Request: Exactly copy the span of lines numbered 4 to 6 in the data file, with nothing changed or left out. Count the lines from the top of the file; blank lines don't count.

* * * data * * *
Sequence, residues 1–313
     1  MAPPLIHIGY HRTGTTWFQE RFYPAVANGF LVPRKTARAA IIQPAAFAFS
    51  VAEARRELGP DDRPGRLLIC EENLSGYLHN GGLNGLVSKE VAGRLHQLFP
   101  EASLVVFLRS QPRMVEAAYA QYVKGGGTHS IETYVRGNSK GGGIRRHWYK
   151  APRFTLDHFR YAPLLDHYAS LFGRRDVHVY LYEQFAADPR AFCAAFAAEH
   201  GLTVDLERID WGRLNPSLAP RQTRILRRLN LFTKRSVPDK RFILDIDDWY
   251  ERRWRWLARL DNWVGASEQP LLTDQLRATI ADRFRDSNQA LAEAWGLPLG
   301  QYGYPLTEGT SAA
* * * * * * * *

   101  EASLVVFLRS QPRMVEAAYA QYVKGGGTHS IETYVRGNSK GGGIRRHWYK
   151  APRFTLDHFR YAPLLDHYAS LFGRRDVHVY LYEQFAADPR AFCAAFAAEH
   201  GLTVDLERID WGRLNPSLAP RQTRILRRLN LFTKRSVPDK RFILDIDDWY